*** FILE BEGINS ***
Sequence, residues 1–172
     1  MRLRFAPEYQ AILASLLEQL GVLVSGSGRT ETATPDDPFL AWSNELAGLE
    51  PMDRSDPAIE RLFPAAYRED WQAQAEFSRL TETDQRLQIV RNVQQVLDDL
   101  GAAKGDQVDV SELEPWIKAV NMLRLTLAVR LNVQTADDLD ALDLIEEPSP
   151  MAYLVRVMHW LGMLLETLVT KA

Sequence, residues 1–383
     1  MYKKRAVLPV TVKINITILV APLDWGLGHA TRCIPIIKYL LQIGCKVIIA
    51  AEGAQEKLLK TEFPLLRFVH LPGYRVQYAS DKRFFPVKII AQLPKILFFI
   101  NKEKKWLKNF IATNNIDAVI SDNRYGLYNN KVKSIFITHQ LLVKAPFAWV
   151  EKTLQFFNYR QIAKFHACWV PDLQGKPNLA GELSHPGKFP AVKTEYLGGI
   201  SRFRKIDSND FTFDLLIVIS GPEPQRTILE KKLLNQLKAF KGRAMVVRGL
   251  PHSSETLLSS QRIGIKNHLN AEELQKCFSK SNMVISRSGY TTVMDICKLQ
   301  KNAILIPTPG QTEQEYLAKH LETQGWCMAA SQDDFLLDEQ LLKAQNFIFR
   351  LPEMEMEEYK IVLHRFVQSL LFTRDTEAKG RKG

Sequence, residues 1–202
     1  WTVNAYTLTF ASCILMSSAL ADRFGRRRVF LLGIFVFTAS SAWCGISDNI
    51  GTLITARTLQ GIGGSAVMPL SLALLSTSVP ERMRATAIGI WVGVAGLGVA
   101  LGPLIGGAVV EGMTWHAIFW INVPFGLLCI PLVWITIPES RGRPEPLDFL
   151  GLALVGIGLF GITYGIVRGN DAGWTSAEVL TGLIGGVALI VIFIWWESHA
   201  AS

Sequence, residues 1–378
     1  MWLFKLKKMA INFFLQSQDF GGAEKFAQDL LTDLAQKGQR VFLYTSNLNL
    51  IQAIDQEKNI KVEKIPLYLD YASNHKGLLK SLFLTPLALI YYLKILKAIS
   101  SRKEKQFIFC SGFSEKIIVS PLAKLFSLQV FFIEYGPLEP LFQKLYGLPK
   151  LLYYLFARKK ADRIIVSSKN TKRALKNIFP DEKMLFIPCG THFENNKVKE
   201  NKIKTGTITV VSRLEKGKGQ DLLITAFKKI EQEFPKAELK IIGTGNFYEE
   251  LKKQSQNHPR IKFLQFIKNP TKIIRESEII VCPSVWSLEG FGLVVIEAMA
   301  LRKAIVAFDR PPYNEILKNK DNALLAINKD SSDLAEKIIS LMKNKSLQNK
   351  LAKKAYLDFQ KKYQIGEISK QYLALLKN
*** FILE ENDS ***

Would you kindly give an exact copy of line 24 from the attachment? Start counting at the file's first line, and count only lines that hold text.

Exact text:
   101  SRKEKQFIFC SGFSEKIIVS PLAKLFSLQV FFIEYGPLEP LFQKLYGLPK